Baker Chose Broadcasting at an Early Age

Bill Baker (American Cattle News/Dairy Radio Now, Bend, OR) knew he wanted to be a radio broadcaster early in life. When he was 10 years old, he built a make-shift radio station in his bedroom and broadcast to an audience of one, his dog Moses. Later in high school, he heard about a classmate working a weekend shift at a real radio station. He tagged along and spent time recording his voice in the production room and leaving it for the boss to listen. “The station manager told me I didn’t have much of a voice, but I could read. That was enough encouragement for me,” he recalled. “I filled out my FCC license and was hired as a part-time board operator.” His first day on the job was May 18, 1980 -- the day Mt. St. Helens blew. The first time “on the air,” his parents recorded him on a tape recorder, but they wouldn’t let him listen to it because they didn’t want to discourage him. “Maybe that was a good thing,” Baker added. “It took a while, but I started to get more comfortable after a few board shifts. I was blessed to have a station manager who let me make rookie mistakes before I ventured off from my hometown.” Baker worked at several radio stations in the Pacific Northwest in the 1980s and 90s, mainly as the news and public affairs director. The Associated Press honored him with the Best Scheduled Newscast award twice, when working at KPUG-AM (Bellingham, WA and KBNW-AM/FM in Bend, OR). He first became involved in farm broadcasting in 2000 when he worked for Lee Mielke of DairyLine Radio. That’s when the internet took things to the next level. “New technologies forced us to put the razor blade down when editing tapes and learn how to do it on the computer,” he said. “It took us an hour to upload a 5-megabyte audio file at first, but we got the hang of it.” Fast forward to 2018 where Baker just launched a five-minute radio segment called Dairy Radio Now, heard weekdays on a growing network of radio stations across the U.S. “Radio continues to be an ideal vehicle for relevant news relating to the dairy farmers’ bottom lines. Dairy Radio Now’s regular segments are devoted to professional development, market management, feed, genetics, animal welfare, policy, and promotion,” Baker emphasized. “Working in farm broadcasting the last 18 years has opened my eyes to the perseverance of American dairy farmers. I encourage everyone to raise a glass of milk in their honor!”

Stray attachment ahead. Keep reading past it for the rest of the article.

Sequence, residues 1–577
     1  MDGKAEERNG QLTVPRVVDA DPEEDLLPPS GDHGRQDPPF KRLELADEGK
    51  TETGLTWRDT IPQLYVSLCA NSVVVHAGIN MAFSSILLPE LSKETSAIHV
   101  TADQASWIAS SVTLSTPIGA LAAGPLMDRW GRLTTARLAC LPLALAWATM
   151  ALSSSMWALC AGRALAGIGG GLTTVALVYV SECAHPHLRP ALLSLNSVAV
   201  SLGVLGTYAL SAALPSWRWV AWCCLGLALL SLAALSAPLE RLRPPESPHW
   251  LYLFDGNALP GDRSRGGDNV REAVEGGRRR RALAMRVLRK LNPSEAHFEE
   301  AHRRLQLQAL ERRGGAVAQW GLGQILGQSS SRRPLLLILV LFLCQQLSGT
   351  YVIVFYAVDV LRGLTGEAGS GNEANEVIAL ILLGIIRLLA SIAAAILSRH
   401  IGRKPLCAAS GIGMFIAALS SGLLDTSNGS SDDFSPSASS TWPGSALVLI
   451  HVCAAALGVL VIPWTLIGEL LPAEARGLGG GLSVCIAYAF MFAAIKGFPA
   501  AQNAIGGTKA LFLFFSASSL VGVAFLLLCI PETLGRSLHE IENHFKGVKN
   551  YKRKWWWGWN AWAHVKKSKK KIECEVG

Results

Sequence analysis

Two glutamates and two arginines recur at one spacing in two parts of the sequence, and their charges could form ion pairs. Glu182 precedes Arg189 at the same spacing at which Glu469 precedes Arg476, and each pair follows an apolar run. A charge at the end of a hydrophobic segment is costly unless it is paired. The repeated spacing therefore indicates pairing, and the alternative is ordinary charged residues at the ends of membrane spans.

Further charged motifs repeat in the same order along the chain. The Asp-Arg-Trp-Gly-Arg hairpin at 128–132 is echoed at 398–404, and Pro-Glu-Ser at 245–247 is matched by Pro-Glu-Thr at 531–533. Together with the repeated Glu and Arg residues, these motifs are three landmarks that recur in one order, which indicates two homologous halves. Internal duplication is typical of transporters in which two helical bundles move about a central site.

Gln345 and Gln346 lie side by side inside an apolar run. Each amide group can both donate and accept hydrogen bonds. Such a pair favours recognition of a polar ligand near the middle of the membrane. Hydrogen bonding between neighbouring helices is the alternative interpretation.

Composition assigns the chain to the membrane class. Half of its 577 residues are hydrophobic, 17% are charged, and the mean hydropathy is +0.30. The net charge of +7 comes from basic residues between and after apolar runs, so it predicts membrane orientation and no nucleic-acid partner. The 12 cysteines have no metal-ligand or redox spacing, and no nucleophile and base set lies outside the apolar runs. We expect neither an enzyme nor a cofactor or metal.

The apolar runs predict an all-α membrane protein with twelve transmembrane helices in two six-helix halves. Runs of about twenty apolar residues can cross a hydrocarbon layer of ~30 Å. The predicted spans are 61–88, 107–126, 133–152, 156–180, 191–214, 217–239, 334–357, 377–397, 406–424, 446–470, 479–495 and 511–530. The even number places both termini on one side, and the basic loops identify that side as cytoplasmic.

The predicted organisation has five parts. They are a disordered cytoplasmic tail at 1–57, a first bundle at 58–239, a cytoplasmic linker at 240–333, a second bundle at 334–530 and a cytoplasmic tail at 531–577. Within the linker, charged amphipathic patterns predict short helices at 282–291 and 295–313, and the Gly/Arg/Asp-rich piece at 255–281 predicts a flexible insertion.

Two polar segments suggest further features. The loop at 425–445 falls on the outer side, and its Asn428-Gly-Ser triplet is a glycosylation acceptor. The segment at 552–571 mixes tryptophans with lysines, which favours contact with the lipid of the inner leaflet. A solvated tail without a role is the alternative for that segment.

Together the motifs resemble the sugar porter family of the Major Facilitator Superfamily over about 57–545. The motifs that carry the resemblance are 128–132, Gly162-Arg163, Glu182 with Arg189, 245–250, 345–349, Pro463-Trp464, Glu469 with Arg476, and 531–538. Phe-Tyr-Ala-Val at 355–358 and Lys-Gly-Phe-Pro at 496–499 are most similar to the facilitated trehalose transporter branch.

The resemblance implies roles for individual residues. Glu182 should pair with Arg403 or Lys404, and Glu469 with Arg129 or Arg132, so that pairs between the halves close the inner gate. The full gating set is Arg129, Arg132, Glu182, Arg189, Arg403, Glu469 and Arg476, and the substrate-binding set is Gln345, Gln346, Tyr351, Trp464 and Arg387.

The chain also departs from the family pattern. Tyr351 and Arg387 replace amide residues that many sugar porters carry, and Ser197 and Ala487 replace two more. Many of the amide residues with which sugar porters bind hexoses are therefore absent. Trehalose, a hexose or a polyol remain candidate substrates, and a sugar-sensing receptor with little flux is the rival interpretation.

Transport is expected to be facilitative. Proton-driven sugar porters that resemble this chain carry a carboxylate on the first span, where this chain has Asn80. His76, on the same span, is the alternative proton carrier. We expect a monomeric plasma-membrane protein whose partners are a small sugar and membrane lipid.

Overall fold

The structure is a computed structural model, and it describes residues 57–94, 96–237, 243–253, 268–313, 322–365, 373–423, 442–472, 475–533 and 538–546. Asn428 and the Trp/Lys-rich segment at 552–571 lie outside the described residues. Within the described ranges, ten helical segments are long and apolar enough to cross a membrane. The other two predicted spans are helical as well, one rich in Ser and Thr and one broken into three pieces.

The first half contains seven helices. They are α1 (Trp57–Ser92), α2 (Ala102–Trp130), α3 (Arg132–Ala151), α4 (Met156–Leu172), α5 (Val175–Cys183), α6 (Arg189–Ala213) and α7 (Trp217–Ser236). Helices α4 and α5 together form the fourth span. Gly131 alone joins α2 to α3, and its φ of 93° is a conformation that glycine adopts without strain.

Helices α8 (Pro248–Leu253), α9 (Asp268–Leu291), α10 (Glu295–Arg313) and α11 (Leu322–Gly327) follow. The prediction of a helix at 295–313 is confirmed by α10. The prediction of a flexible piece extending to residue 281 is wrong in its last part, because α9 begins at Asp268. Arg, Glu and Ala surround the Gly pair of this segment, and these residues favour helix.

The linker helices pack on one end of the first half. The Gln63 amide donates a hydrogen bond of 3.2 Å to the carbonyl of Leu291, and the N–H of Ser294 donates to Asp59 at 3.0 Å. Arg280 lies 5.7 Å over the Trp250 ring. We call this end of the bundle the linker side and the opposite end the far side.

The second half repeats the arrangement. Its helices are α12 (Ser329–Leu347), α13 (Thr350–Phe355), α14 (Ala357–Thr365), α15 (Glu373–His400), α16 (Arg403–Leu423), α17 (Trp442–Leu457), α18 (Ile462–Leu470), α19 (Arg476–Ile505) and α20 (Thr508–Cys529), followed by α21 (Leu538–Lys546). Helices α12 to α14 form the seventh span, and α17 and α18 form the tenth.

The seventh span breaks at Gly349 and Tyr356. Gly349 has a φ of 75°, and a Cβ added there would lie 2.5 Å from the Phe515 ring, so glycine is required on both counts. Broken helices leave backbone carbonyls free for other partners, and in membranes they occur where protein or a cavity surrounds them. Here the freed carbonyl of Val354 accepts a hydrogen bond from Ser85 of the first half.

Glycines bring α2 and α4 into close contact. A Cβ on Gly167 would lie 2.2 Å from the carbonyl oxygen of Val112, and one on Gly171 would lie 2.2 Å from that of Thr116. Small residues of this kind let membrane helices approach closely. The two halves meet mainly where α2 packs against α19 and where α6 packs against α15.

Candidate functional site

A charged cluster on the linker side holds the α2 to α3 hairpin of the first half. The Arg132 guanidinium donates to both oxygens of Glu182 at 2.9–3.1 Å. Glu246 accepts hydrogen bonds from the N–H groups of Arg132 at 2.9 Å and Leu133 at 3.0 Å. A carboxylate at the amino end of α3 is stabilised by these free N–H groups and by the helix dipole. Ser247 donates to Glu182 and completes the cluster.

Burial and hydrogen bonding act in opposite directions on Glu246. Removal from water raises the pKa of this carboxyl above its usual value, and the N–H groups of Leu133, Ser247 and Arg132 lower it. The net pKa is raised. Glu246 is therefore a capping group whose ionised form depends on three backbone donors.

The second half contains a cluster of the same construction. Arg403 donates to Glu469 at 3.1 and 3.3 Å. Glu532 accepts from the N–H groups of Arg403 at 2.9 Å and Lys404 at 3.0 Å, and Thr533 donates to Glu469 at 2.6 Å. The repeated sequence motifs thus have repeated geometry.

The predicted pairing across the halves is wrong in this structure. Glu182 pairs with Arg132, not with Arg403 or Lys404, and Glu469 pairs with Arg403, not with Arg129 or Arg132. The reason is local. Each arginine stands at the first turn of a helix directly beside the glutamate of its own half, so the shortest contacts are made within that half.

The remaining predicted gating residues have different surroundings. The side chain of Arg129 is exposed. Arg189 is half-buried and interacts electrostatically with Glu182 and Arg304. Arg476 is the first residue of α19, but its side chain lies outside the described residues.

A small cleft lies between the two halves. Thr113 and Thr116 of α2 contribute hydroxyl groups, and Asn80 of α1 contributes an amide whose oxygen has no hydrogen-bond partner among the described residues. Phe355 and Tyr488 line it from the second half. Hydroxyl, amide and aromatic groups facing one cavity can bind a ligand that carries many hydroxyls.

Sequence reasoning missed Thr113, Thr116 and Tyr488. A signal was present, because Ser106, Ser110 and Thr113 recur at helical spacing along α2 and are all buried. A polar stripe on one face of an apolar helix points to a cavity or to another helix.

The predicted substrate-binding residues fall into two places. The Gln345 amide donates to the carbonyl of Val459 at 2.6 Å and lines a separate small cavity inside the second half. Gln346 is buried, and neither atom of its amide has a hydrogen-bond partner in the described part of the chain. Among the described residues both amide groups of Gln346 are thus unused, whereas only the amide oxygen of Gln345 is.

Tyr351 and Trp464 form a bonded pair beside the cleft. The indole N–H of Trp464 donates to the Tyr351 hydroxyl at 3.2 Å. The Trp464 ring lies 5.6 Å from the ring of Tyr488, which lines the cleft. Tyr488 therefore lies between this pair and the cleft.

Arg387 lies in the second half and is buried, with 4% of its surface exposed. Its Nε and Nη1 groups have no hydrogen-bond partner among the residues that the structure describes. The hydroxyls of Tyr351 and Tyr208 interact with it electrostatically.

Contact: Bill Baker, Dairy Radio,